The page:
7 Logical Conjunction Logical conjunction is a binary operator (i.e., two operands, each being a Boolean expression). The conjunction is true only when both operands are true. If one of the operands is false, their conjunction is false. 25 of 53 Left Operand op1 Right Operand op2 op1 && op2 true true true true false false false true false false false false double age = input.nextint(); boolean isoldenough = age >= 45; boolean isnottooold = age < 65 if (!isoldenough) { /* young */ else if (isoldenough && isnottooold) { /* middle-aged */ /* senior */ Logical Laws (1) The negation of a strict inequality is a non-strict inequality. Relation Negation Equivalence e.g., i > j!(i > j) i <= j i >= j!(i >= j) i < j i < j!(i < j) i >= j i <= j!(i <= j) i > j if( i > j ) { /* Action 1 */ /* implicit:!(i > j), equivalent to i <= j */ /* Action 2 */ Action 1 is executed when i > j Action 2 is executed when i <= j. 27 of 53 Logical Disjunction Logical disjunction is a binary operator (i.e., two operands, each being a Boolean expression). The disjunction is false only when both operands are false. If one of the operands is true, their disjunction is true. 26 of 53 Left Operand op1 Right Operand op2 op1 op2 false false false true false true false true true true true true double age = input.nextint(); boolean issenior = age >= 65; boolean ischild = age < 18 if (issenior ischild) { /* discount */ /* no discount */ Logical Laws (2.1) Say we have two Boolean expressions B 1 and B 2 : What does!(b 1 && B 2 ) mean? It is not the case that both B 1 and B 2 are true. What does!b 1!B 2 mean? It is either B 1 is false, B 2 is false, or both are false. Both expressions are equivalent! 28 of 53 [proved by the truth table] B 1 B 2! (B 1 && B 2 )! B 1! B 2 true true false false true false true true false true true true false false true true

8 Logical Laws (2.2) if(0 <= i && i <= 10) { /* Action 1 */ /* Action 2 */ When is Action 2 executed? i < 0 i > 10 if(i < 0 && false) { /* Action 1 */ /* Action 2 */ Logical Laws (3.2) if(i < 0 i > 10) { /* Action 1 */ /* Action 2 */ When is Action 2 executed? 0 <= i && i <= 10 if(i < 0 true) { /* Action 1 */ /* Action 2 */ When is Action 1 executed? When is Action 2 executed? false true When is Action 1 executed? When is Action 2 executed? true false if(i < 0 && i > 10) { /* Action 1 */ /* Action 2 */ if(i < 10 i >= 10) { /* Action 1 */ /* Action 2 */ When is Action 1 executed? When is Action 2 executed? false true Lesson: Be careful not to write branching conditions that use && but always evaluate to false. 29 of 53 When is Action 1 executed? true When is Action 2 executed? i >= 10 && i < 10 (i.e., false) Lesson: Be careful not to write branching conditions that use but always evaluate to true. 31 of 53 Logical Laws (3.1) Say we have two Boolean expressions B 1 and B 2 : What does!(b 1 B 2 ) mean? It is not the case that either B 1 is true, B 2 is true, or both are true. What does!b 1 &&!B 2 mean? Both B 1 and B 2 are false. Both expressions are equivalent! 30 of 53 [proved by the truth table] B 1 B 2! (B 1 B 2 )! B 1 &&! B 2 true true false false true false false false false true false false false false true true Logical Operators: Short-Circuit Evaluation Both Boolean operators && and evaluate from left to right. Operator && continues to evaluate only when operands so far evaluate to true. if (x!= 0 && y / x > 2) { /* do something */ /* print error */ Operator continues to evaluate only when operands so far evaluate to false. if (x == 0 y / x <= 2) { /* print error */ /* do something */ 32 of 53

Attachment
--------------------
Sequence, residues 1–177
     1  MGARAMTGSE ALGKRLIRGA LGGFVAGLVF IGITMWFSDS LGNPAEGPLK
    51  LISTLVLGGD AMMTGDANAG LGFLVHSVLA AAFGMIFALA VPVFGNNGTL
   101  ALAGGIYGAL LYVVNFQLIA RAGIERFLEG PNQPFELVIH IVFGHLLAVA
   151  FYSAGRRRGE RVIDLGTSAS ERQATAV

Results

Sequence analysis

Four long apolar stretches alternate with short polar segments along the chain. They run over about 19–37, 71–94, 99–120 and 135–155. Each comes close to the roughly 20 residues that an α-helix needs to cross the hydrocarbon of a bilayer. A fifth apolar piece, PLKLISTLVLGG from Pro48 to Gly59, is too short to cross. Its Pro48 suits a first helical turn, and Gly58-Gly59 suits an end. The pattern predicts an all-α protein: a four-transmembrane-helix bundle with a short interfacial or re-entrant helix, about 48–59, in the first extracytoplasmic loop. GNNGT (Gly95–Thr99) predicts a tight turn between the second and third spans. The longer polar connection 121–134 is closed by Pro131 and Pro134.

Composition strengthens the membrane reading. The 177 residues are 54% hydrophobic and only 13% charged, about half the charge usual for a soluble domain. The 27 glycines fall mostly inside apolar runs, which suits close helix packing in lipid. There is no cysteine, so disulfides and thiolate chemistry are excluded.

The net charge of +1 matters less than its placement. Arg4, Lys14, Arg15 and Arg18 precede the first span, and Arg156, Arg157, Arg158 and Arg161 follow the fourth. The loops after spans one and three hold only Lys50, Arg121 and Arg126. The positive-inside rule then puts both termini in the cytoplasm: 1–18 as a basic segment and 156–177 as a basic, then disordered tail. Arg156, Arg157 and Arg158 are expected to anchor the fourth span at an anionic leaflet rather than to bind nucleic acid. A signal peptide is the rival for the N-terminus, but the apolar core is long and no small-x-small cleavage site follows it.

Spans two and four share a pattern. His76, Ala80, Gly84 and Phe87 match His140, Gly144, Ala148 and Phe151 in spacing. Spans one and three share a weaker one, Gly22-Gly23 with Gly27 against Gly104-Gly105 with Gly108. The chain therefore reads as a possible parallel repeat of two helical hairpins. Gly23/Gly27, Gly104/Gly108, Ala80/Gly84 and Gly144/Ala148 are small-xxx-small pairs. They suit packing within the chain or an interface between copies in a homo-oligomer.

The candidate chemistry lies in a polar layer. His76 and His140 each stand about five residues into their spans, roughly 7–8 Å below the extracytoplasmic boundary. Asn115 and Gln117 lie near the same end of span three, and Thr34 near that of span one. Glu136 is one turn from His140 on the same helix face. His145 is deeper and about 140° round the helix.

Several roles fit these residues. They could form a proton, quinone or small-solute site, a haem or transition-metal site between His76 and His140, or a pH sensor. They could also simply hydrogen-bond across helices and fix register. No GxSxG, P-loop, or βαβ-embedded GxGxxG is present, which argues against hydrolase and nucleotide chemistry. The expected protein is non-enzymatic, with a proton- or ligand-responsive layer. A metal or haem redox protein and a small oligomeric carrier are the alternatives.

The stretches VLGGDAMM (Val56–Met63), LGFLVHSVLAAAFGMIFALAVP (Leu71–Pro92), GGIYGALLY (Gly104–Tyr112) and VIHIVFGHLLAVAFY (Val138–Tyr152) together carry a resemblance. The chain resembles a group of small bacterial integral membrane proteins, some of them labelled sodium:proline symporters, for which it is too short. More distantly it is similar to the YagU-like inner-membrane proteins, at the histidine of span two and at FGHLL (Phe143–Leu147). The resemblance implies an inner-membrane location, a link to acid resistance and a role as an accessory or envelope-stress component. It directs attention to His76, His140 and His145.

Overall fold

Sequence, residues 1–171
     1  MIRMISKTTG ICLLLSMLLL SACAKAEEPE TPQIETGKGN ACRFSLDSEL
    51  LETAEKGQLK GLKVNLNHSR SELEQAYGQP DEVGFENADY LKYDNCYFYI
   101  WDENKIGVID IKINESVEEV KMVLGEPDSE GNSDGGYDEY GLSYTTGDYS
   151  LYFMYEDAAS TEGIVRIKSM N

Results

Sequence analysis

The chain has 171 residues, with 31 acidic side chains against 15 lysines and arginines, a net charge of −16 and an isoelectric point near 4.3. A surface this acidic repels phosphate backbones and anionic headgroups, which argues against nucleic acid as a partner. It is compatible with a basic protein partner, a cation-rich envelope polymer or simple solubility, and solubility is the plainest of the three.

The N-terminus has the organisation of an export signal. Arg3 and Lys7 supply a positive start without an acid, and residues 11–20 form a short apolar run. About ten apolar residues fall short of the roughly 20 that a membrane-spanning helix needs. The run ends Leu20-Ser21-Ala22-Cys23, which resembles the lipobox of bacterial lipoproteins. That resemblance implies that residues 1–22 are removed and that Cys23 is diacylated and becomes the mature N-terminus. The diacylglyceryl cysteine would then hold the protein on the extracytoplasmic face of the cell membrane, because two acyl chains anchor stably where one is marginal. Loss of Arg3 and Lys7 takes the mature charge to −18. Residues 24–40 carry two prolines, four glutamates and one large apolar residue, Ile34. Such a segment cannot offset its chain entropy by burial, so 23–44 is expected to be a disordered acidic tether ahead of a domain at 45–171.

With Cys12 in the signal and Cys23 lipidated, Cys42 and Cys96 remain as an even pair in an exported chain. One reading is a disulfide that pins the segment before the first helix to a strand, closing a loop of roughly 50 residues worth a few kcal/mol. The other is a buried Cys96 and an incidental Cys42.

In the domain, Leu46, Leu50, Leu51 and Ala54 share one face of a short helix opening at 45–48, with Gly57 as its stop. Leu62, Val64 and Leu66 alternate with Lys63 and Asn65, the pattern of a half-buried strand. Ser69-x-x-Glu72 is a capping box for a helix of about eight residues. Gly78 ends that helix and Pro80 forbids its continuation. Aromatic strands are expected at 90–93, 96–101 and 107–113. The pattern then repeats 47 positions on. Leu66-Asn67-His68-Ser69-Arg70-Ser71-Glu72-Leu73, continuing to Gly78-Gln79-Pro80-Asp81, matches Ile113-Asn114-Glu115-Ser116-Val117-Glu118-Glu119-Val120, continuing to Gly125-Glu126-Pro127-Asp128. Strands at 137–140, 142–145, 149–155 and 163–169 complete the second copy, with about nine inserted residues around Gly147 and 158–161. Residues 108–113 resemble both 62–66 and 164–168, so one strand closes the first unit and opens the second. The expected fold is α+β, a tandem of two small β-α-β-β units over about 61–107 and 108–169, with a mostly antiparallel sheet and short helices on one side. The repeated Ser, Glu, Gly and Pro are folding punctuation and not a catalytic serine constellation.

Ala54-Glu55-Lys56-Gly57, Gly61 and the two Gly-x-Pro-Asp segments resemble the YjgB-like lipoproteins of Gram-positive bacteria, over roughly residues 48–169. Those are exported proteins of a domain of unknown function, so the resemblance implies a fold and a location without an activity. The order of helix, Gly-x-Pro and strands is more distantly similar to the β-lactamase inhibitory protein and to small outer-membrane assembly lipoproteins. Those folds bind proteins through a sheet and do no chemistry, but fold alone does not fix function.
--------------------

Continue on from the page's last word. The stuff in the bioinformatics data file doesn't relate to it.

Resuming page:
10 Common Error 2: Misplaced Semicolon Semicolon (;) in Java marks the end of a statement (e.g., assignment, if statement). if (radius >= 0); { area = radius * radius * PI; System.out.println("Area is " + area); This program will calculate and output the area even when the input radius is negative, why? Fix? if (radius >= 0) { area = radius * radius * PI; System.out.println("Area is " + area); 37 of 53 Overlapping Boolean Conditions (2) Say we have two overlapping conditions x >= 5 and x >= 0: What values make both conditions true? [5, 6, 7,...] Which condition is more general? [x >= 0] If we have a single if statement, then having this order if(x >= 5) { System.out.println("x >= 5"); else if(x >= 0) { System.out.println("x >= 0"); is different from having this order if(x >= 0) { System.out.println("x >= 0"); else if(x >= 5) { System.out.println("x >= 5"); Say x is 5, then we have What output from the first program? [x >= 5] What output from the second program? [x >= 0, not specific enough!] The cause of the not-specific-enough problem of the second program is that we did not check the more specific condition (x >= 5) before checking the more general condition (x >= 0). 39 of 53 Overlapping Boolean Conditions (1) Two or more conditions overlap if they can evaluate to true simultaneously. e.g., Say marks is declared as an integer variable: marks >= 80 and marks >= 70 overlap. [why?] Values 80, 81, 82,... make both conditions true marks >= 80 has fewer satisfying values than marks >= 70 We say marks >= 80 is more specific than marks >= 70 Or, we say marks >= 70 is more general than marks >= 80 marks <= 65 and marks <= 75 overlap. [why?] Values 65, 64, 63,... make both conditions true marks <= 65 has fewer satisfying values than marks <= 75 We say marks <= 65 is more specific than marks <= 75 Or, we say marks <= 75 is more general than marks <= of 53 Common Error 3: Independent if Statements with Overlapping Conditions if (marks >= 80) { System.out.println("A"); if (marks >= 70) { System.out.println("B"); if (marks >= 60) { System.out.println("C"); System.out.println("F"); /* Consider marks = 84 */ if (marks >= 80) { System.out.println("A"); else if (marks >= 70) { System.out.println("B"); else if (marks >= 60) { System.out.println("C"); System.out.println("F"); /* Consider marks = 84 */ Conditions in a list of if statements are checked independently. In a single if statement, only the first satisfying branch is executed. 40 of 53